Ageing, Disability & Home Care

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Children with autism

Autism spectrum disorder (ASD) is a lifelong disability with a range of characteristics. By the age of three, children with ASD show difficulties in three main areas:

  • social interaction and relationships
  • communication and language
  • repetitive behaviour and routines

Although no two children with ASD are the same, they all face challenges in interacting and communicating with others. The level of impact on your child and family life will vary.

Some children with ASD have very good memories, have excellent problem solving skills in areas such as maths or computer sciences, can be very knowledgeable about their favourite hobbies or topics and have very high level visual learning skills. ASD refers to a range of conditions including Austistic disorder, Asperger’s disorder and Pervasive Developmental Disorder.

Different types of ASD

Autistic disorder (or autism)

Children with this diagnosis show that they have difficulties with social relationships, verbal and nonverbal communication and repetitive behaviour. They might also have associated developmental delays – this means they haven’t reached certain milestones for their age.

Read more on Autism disorder.

Asperger’s disorder

Children diagnosed with Asperger’s disorder generally don’t have developmental delays, and might have good language skills. They might have:

  • unusual language patterns (such as speaking in a very formal way with a monotone voice)
  • difficulties with social relationships
  • narrow interests (so they can become easily fixated on a favourite topic)

Read more on Asperger’s disorder.

Pervasive Developmental Disorder – Not Otherwise Specified (PDD-NOS)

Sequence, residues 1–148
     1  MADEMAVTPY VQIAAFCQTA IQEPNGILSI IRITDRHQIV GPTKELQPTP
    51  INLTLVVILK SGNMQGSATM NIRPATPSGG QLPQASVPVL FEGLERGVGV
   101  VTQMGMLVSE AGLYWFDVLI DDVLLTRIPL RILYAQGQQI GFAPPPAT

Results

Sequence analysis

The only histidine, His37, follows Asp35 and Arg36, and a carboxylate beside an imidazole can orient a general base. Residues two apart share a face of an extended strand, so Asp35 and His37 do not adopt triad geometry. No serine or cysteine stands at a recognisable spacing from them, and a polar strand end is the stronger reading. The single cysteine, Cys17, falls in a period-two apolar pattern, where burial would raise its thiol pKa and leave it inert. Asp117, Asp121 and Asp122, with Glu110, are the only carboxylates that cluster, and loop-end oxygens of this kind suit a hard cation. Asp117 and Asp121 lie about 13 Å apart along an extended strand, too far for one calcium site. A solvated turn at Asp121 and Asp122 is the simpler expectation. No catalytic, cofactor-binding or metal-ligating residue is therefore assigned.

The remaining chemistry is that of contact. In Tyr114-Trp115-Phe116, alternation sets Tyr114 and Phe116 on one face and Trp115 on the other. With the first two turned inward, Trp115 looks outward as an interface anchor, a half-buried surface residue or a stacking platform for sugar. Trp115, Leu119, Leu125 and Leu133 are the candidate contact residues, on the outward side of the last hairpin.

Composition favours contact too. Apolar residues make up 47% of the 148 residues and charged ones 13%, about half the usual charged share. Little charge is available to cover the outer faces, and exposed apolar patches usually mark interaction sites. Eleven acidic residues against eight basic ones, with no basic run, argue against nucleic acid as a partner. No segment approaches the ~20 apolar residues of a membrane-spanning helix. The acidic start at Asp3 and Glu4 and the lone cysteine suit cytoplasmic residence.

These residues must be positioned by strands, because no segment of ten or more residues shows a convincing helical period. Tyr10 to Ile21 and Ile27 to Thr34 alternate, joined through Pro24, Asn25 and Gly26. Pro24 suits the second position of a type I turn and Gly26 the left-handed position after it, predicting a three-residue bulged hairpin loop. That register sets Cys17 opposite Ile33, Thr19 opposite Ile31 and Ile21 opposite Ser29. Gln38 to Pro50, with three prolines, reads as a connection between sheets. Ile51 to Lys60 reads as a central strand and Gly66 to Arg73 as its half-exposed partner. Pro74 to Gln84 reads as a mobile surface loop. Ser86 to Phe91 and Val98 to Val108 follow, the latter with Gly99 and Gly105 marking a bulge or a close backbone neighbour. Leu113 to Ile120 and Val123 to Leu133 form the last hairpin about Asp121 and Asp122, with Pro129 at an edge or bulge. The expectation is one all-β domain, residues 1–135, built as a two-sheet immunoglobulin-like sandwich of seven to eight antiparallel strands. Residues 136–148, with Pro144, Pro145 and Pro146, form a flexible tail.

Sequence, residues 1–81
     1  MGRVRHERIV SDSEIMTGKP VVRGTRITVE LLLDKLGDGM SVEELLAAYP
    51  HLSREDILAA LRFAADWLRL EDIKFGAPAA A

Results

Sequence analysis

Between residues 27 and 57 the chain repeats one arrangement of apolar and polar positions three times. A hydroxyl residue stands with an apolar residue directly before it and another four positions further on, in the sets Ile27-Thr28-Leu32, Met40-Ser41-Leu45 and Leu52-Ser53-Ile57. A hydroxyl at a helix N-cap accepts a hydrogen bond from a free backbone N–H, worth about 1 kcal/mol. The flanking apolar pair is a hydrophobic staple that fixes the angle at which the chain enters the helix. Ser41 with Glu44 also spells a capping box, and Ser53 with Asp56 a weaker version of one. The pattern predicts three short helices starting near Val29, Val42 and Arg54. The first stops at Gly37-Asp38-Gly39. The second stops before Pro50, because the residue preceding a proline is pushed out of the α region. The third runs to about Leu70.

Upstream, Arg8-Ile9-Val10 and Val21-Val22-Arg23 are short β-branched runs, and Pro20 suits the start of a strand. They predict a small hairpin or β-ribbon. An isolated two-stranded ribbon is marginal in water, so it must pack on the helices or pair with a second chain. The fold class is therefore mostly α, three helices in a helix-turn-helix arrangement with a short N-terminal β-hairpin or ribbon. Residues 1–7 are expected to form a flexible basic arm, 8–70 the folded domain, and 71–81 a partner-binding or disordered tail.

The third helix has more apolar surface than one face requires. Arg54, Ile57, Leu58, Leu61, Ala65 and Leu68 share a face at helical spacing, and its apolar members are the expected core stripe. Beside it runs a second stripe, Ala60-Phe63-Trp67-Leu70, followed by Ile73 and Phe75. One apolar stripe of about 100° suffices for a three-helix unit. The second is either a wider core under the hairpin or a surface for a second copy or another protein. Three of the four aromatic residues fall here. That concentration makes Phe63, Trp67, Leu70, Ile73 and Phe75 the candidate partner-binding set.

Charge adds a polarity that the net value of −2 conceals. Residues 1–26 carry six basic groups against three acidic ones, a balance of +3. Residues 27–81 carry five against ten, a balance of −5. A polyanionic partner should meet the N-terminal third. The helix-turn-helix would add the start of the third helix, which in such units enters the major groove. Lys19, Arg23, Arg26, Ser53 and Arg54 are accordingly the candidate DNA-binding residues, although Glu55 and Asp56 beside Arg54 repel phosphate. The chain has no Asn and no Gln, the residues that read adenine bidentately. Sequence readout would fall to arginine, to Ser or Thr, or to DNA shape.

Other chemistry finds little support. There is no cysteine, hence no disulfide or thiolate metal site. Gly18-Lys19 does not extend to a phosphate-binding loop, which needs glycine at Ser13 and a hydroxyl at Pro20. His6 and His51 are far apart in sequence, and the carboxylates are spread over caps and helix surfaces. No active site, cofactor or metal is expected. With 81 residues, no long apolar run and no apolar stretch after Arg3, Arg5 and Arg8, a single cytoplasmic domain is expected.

Children are diagnosed with PDD–NOS when they have some but not all of the symptoms needed for a diagnosis of autistic disorder or Asperger’s disorder.

Read more on PDD–NOS.

Getting help early makes a difference

The first sign of ASD that parents may notice is their child’s lack of interest in what is going on around them.

If you are concerned about your child’s development, talk to your health care provider about a developmental assessment.

If you are worried about how your child is developing, it is important to seek support as soon as you can. Discuss your concerns with your local early childhood nurse or your family doctor. Your doctor can refer you for an assessment where you may receive a diagnosis and referrals to other supports to help you and your child.

A paediatrician, psychiatrist, psychologist, or other trained professional in ASD, can diagnose ASD by watching your child play or interact and by interviewing you about your child’s development.

Finding out will assist you to start helping your child and accessing the services and programs suited to your child’s needs.

Research says that starting intervention as young as possible is most effective in helping the development of children with ASD and providing support for their families.Early intervention refers to doing things as early as possible to help your child develop. Interventions for children with ASD are programs or strategies that are aimed at helping to promote your child's development.

Accessing the right supports for you and your child

It is important to recognise that children with autism have differing patterns of strengths and needs. In addition, families differ in their goals, strengths and needs. As a result no one program or intervention will suit all children with autism and their families.

Families can contact the Autism Advisor Program on 1300 978 611. This program links families to early intervention services, provides advice and information about community services that meet the needs of the family, as well as being central liaison for early intervention funding packages.

Families can also contact the ADHC Information, Referral and Intake service or the Parent Line NSW on 1300 1300 52.

Some of the information on this web page about Autism Spectrum Disorder (ASD) was sourced from the Raising Children Network’s comprehensive and quality assured Australian parenting website, and some from the Thinking and Learning in Autism Fact Sheet on the Autism Spectrum Australia website.

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